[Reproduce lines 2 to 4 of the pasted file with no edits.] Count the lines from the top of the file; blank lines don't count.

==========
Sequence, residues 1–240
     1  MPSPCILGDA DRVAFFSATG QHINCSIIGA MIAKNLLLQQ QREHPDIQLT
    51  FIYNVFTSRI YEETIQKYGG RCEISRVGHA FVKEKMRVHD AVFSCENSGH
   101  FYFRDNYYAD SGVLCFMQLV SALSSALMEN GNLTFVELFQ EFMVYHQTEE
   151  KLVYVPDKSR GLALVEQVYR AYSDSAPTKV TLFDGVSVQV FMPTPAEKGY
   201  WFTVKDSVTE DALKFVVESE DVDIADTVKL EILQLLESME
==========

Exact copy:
     1  MPSPCILGDA DRVAFFSATG QHINCSIIGA MIAKNLLLQQ QREHPDIQLT
    51  FIYNVFTSRI YEETIQKYGG RCEISRVGHA FVKEKMRVHD AVFSCENSGH
   101  FYFRDNYYAD SGVLCFMQLV SALSSALMEN GNLTFVELFQ EFMVYHQTEE